The purpose of this chapter is to give the reader a quick introduction to Flutter before installing it and starting to use it.
Flutter is Google’s mobile SDK / UI framework that enables developers to build native apps that run on a wide variety of devices. Developers write code in a single codebase that works on both platforms.
Flutter was written for high productivity, to get apps out fast.
- You can change your code and hot reload the changes, without any kind of delay.
- Flutter includes the UI Widgets you need.
- Flutter works with most IDEs.
The included Flutter UI Widgets work seamlessly and conventionally with the target platform. Scrolling, navigation, icons and fonts match the target system.
- When you write an Android app with the Flutter Widgets it looks like a normal Android app.
- When you write an iOS app with the Flutter Widgets, it looks like a normal iOS app.
The code you write in Flutter runs natively so it flies!
Flutter is free and Open Source.
Fuschsia is Google’s next Operating System for mobile devices. All of the apps for Fuschsia are being developed by Google in Flutter.
Google Flutter is open source and it comprises of several repositories hosted on GitHub here:
- Main repository.
- Sample code repository.
- This repository contains the source code for plugins developed by the core Flutter team to enable access to platform-specific APIs.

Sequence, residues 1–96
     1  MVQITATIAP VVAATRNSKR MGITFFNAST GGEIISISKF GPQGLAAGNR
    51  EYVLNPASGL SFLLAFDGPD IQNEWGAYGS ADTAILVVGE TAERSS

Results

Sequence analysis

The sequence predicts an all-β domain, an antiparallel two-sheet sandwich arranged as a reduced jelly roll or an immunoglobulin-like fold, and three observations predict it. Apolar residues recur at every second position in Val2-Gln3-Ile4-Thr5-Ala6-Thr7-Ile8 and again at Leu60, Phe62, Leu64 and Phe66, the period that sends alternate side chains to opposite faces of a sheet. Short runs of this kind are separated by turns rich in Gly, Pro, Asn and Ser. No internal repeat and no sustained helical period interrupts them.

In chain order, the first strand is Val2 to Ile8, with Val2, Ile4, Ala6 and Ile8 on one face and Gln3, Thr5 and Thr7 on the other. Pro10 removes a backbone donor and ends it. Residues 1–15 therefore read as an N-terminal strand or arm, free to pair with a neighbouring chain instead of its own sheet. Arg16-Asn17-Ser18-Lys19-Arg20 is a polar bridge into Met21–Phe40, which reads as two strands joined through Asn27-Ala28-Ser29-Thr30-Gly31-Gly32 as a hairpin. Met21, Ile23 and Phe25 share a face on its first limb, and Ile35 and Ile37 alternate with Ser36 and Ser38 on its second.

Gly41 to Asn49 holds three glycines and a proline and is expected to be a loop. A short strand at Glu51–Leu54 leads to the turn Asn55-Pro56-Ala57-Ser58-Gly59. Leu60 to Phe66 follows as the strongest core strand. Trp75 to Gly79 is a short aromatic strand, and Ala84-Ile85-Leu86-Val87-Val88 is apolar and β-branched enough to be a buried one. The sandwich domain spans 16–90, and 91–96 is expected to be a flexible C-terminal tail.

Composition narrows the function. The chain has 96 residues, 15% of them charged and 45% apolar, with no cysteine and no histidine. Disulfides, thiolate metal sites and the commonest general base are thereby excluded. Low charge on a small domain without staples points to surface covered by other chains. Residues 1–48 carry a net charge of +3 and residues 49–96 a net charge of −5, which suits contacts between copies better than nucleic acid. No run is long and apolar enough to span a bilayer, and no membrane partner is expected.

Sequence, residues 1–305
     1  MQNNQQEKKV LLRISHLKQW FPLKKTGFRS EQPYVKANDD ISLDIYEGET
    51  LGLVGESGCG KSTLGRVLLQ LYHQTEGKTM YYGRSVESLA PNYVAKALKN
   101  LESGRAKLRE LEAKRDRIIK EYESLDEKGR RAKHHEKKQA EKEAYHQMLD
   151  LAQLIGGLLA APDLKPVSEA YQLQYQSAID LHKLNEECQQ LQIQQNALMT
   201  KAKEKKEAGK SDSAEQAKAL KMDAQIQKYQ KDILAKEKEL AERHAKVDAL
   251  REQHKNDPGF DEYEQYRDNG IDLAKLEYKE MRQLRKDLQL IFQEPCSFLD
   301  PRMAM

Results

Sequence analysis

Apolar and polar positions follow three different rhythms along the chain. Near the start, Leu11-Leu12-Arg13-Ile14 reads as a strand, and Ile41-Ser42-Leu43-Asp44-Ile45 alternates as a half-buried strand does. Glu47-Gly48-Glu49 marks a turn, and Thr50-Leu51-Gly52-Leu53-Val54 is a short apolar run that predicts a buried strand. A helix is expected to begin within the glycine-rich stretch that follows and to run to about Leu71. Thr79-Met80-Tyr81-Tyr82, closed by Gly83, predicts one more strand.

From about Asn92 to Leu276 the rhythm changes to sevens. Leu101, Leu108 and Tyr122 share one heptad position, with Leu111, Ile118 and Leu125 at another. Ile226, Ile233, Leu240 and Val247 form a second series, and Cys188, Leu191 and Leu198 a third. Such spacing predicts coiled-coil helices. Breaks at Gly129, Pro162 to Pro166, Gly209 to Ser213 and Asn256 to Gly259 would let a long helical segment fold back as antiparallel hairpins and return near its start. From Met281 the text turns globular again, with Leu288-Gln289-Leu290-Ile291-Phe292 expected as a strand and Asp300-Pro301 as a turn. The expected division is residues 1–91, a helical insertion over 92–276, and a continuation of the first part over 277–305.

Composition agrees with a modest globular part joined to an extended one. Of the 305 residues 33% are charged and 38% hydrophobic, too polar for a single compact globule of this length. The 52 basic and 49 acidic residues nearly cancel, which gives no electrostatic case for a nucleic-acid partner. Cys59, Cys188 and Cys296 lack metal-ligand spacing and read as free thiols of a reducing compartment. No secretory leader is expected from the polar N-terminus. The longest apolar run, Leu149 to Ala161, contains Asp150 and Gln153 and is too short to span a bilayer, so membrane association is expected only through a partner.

- The Flutter runtime, written in C++.
- Flutter Intellij
- The Flutter plugin for IntelliJ.
- Flutter Website
- io code.
The Flutter SDK contains all the elements you need to perform Flutter development:
We covered the Dart platform in the previous chapter.
The Flutter Engine is the runtime for on which Flutter applications run. It provides graphic rendering support, as well as providing an interface (through the Flutter core libraries) to the Android or iOS SDK layer below.
It was written in C++ and is on github here: https://github.com/flutter/engine
The Foundation library, written in Dart, provides basic classes and functions which are used to construct applications using Flutter, such as APIs to communicate with the engine.
It was written in Dart and is on github here: https://github.com/flutter/flutter/tree/master/packages/flutter/lib/src/foundation
When developing day-to-day with Flutter, Google’s engineers work in the ‘dev’ branch.
Every month, the ‘dev’ branch is rolled into the ‘beta’ branch.
Every quarter, the ‘beta’ branch is rolled into the ‘stable’ branch.
When working with Flutter, you can decide on what version of Flutter you wish to work on. Most people work on the ‘stable’ channel, which provides the developer with the ‘stable’ version of Flutter.
However, you have the option of working with more of a 'bleeding edge' version of the software.
- master - bleeding edge
- dev - latest, fully tested
- beta - most stable dev build of the month
- stable - most stable dev build of the quarter
How to View What Channel You Are Setup On
How to Change the Channel
Once You Have Changed Channel You Should Do the Following
Update the Flutter software.